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Serving papers via social media

In order to start formal legal processes, documents must be served upon the other party.  If you want to get a divorce, apply for a financial order or ask the court to determine issues relating to your children, you or your solicitor will need to arrange for the papers to be sent to the other party or parties.  This is known as effecting service.

serving paper via social media

Rachel Read-Hill

There are different ways of ‘serving’ papers including personal service (where the papers are handed to the recipient by someone neutral) or through the post.

Serving papers if you don’t know where the other person lives

If you want to begin a court application, the court will expect that all reasonable attempts have been made to locate the other party.  What is reasonable depends upon the circumstances of your case.  If the case warrants it, the court may be prepared to deal with the application without the other person having received notice.  If there is no such urgency, the court will expect steps to have been taken, such as:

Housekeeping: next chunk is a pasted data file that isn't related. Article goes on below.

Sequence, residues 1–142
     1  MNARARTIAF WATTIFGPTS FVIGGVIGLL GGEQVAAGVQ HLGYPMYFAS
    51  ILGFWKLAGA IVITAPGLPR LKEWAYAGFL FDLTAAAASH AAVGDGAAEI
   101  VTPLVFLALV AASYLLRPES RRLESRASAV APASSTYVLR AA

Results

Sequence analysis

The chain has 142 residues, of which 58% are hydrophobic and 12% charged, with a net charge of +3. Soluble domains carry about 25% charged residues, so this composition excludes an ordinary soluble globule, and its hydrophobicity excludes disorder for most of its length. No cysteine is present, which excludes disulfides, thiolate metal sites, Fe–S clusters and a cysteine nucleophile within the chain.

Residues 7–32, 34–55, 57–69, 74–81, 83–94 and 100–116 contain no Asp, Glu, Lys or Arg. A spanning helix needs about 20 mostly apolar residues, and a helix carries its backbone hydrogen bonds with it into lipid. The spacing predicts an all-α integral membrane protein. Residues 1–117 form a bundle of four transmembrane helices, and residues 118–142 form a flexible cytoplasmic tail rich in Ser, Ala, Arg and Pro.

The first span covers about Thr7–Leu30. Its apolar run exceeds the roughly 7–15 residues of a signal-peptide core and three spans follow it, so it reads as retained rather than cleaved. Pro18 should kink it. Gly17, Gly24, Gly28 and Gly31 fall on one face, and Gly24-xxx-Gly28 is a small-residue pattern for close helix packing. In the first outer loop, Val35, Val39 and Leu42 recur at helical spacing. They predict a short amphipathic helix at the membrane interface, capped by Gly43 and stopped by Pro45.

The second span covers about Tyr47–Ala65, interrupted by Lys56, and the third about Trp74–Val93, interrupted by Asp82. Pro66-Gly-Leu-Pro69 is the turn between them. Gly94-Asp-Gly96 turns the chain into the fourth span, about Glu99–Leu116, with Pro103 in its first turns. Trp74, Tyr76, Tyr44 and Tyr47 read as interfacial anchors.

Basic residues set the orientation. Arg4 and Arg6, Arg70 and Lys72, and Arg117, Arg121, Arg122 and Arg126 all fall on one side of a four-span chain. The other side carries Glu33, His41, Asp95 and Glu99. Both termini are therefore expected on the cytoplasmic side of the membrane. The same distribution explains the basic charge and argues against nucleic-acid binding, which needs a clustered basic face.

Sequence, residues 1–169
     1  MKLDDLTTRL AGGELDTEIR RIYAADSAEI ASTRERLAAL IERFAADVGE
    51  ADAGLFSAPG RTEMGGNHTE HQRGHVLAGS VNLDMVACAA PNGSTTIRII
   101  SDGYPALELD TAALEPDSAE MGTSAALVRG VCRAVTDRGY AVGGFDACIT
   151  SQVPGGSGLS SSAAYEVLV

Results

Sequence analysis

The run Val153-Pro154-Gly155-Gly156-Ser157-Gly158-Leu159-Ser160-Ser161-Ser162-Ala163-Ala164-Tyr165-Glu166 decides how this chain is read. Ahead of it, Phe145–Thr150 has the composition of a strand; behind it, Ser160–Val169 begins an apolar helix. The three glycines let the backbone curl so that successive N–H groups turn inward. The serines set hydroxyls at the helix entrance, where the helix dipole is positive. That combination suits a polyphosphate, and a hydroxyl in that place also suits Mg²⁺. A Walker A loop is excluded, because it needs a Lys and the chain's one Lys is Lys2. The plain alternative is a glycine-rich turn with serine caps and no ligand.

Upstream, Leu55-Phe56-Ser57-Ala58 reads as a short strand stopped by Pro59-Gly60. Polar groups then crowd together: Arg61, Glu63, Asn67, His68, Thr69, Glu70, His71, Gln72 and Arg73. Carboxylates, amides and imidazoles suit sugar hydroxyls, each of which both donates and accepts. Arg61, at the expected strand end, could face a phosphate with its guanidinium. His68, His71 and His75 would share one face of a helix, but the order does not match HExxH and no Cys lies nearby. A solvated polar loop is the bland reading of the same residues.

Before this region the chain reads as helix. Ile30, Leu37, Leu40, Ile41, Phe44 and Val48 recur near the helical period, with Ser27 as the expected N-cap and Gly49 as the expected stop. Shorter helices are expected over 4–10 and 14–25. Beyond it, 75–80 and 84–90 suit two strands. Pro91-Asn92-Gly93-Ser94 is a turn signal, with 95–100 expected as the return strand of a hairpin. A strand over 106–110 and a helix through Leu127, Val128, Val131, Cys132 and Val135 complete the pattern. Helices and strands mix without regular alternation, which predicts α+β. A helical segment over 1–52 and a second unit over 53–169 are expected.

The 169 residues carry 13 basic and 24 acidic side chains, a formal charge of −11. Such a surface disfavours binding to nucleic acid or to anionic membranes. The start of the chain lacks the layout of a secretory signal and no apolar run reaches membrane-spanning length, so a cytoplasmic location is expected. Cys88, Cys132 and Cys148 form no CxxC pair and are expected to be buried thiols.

• writing to the last known address
  • contacting family members
  • contacting the person’s employer

Can papers be served through social media?

Most people now have social media accounts, and this is often an effective way of tracking people down. If you have found a social media account for the other person, you can contact them via that medium to ask if they are willing to provide an address.  If they do not respond or are unwilling to provide details, you can ask the court to give you permission to arrange service via social media.  The court will consider whether there are any other options and whether it is proportionate to allow service via this method. If permission is granted, the court papers can be sent and the case can proceed.

If you are having difficulties arranging service, contact our family law experts now and we will advise what your best options will be.    You can find out much more about divorce procedures and other family law issues on our web pages.

Author: Rachel Read-Hill, family law solicitor.

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